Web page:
Don’t flush anything but toilet paper – no wet wipes, no paper towels, no feminine products. These items do not break down properly. Don’t put caustic chemicals (such as acid cleaners) in your toilets, lavatory drains, tub/shower drains, floor drains or laundry drains in an attempt to clear them, these may eat away at the clog but also they will also eat away at your pipes over time. Call a professional if you have a slow drain or stubborn clog. – Stang Plumbing & Heating
Get your septic tank serviced
Having your septic tank pumped and serviced tells you where the tank is located, the date serviced, and what maintenance plan to be on. It’s best to spend a few hundred dollars on regular maintenance every three to five years than to neglect the septic system and spend thousands of dollars on a major repair. – Allgood Sewer and Septic Tank Service
Don’t dump fats, oils, and grease down drains
Avoid pouring fats, oils, and grease down your drains when maintaining a septic tank. These substances can quickly build up a thick layer of scum that can be detrimental to your septic system. Most other types of biodegradable materials are typically not a problem. – Full House Inspections
Pouring grease down the drain can be one of the main reasons drains will need a sewer rodding. To avoid that, you should pour it into a heat-protected container and throw it away. – J. Blanton Plumbing
Know where all the components are located
The importance of maintaining your septic tank starts with knowing what type of septic system you have and where the components are located. When having your routine maintenance done, never allow the septic service provider to pump the tank from a cleanout. Always have your septic pumped from the main access lid of the septic tank. When pumping a septic tank the goal is to remove the solids. Pumping from the cleanout will remove the liquid and leave behind the solids. Overtime, solids will compact and/or enter your drain field resulting in costly repairs or replacements of the system. – Tri-County Pump Service, Inc.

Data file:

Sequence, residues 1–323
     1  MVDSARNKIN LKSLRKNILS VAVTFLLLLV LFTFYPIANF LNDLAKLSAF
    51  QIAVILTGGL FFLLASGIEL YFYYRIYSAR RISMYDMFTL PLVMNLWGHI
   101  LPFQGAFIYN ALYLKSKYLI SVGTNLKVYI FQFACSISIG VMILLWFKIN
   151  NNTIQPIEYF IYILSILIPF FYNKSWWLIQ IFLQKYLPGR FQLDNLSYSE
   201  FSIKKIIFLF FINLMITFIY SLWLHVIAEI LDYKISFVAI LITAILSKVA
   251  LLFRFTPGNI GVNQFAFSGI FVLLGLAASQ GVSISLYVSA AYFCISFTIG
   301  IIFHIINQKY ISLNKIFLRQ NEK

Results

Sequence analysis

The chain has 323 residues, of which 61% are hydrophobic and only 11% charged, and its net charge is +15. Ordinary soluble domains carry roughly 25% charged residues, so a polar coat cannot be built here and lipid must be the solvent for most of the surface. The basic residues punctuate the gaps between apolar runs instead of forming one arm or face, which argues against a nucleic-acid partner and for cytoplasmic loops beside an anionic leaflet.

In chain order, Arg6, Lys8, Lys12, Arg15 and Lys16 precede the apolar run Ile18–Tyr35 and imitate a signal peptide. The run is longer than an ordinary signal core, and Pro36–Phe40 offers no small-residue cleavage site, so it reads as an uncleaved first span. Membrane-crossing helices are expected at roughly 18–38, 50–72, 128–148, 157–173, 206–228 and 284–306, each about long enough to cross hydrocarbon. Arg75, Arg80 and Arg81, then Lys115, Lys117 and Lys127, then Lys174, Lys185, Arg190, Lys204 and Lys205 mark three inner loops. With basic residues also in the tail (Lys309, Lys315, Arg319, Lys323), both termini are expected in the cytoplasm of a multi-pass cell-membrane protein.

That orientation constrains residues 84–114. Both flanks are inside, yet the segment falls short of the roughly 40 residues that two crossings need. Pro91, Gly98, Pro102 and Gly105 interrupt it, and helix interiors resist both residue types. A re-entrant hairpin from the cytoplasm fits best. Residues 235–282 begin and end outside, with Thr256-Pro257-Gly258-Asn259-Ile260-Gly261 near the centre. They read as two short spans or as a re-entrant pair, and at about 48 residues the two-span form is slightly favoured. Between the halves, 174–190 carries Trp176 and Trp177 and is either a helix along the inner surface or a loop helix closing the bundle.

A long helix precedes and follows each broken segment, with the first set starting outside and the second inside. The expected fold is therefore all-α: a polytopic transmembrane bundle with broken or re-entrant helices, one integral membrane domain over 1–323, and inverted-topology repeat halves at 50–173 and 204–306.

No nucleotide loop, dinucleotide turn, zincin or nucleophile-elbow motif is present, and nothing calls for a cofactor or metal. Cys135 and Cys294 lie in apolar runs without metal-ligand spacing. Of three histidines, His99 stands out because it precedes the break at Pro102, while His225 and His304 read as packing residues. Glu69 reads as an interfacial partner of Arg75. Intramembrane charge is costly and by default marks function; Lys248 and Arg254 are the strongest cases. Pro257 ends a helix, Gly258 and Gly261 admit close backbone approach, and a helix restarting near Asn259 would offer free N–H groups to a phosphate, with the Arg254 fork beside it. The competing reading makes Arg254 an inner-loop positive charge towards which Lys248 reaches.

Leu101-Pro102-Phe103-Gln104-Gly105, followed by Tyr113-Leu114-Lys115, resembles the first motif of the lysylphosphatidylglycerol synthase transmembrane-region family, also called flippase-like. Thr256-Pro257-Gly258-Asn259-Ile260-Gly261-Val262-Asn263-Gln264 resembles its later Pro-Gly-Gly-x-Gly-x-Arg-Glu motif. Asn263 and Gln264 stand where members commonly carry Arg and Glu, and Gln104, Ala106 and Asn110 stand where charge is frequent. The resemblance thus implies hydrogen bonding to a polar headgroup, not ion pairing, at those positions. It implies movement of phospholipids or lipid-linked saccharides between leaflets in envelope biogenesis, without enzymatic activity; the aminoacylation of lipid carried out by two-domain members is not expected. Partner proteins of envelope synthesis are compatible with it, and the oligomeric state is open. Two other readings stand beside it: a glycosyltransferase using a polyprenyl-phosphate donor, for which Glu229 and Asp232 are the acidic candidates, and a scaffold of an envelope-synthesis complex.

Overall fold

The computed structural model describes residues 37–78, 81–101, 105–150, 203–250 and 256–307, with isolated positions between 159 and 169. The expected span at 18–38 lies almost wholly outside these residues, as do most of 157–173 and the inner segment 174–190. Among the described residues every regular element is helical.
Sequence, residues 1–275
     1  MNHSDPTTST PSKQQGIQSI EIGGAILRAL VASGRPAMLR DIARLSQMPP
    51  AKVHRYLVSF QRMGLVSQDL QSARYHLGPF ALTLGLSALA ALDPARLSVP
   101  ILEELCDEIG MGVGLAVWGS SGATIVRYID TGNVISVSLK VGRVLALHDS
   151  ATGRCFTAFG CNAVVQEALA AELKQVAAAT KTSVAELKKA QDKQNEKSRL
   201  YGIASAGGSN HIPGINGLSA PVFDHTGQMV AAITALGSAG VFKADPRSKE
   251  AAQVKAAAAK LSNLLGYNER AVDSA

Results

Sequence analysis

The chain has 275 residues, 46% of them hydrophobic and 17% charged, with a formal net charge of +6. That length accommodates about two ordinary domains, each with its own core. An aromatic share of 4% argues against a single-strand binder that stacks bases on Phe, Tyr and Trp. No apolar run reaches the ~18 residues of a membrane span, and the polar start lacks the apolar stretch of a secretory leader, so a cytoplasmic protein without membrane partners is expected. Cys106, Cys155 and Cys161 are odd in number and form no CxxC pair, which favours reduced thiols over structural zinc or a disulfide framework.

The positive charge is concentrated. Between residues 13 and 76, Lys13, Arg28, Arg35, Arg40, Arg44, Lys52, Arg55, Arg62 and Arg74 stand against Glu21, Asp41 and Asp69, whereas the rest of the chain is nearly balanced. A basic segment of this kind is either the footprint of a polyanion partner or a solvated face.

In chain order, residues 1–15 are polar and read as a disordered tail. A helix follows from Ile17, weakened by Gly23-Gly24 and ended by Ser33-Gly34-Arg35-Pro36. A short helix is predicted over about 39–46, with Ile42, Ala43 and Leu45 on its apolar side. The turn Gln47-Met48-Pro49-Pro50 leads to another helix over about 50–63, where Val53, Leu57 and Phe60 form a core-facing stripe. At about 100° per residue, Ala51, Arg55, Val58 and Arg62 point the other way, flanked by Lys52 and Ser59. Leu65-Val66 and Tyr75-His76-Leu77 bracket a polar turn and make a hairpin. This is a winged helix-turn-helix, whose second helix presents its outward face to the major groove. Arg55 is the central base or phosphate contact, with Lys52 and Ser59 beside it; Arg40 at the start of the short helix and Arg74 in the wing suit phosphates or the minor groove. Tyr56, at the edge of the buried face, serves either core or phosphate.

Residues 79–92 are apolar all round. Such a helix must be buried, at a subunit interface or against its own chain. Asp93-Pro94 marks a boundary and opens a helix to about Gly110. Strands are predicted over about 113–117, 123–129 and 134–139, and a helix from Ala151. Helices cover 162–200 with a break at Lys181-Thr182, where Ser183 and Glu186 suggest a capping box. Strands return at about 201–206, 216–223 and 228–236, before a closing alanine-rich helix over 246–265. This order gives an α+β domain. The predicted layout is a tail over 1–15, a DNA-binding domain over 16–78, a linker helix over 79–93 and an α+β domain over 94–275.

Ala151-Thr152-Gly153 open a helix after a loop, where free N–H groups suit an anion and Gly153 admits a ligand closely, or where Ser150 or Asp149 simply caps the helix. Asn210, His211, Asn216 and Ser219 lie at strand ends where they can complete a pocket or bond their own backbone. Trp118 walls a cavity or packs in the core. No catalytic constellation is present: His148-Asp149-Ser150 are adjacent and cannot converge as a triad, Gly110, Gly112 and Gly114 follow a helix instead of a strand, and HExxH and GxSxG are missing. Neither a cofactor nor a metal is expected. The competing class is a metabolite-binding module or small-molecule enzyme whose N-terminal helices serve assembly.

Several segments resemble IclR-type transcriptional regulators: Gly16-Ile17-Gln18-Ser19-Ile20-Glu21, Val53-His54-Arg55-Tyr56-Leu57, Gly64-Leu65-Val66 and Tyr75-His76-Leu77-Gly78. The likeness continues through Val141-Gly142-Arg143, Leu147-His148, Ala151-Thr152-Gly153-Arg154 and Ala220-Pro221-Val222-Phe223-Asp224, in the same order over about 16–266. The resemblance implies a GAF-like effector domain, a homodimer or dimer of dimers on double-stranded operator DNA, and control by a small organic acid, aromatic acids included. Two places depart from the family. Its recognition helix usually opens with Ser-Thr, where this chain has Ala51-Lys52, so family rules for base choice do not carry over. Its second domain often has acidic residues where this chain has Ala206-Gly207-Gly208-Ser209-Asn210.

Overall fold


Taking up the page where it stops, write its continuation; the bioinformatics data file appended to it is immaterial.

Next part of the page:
Avoid pouring acid-based products or chemicals down the drain
Medication, nail polish remover, mouth wash, engine oil, anti-freeze, fertilizer, paint thinner, bleach, toxic acid-based products and corrosive treatments along with any other products containing harsh chemicals should not be disposed of through septic or sewer systems. Chemicals can cause harm to the bacteria culture in the system, interrupting the breakdown process, corroding the holding tanks, plumbing pipes and the discharge which can potentially pollute ground and surface water. – Nature’s Pond
Healthy enzymes are essential
The use of chemicals to treat the sewer is a bad idea. Sewer systems are full of healthy bacteria and when using harmful chemicals you actually kill the good bacteria and believe it or not a lot of drain smells can come from the dead bacteria deteriorating inside the home’s sewer system. Good bacteria like healthy enzymes are good to use and promote healthy drain lines. – Yochim Plumbing Services, Inc.